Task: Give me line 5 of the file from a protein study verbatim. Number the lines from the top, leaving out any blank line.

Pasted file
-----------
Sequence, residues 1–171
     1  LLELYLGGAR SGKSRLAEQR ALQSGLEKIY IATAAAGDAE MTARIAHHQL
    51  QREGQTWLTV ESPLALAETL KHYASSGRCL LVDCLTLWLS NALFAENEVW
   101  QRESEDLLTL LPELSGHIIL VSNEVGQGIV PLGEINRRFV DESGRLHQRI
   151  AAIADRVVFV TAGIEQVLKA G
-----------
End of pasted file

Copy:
   151  AAIADRVVFV TAGIEQVLKA G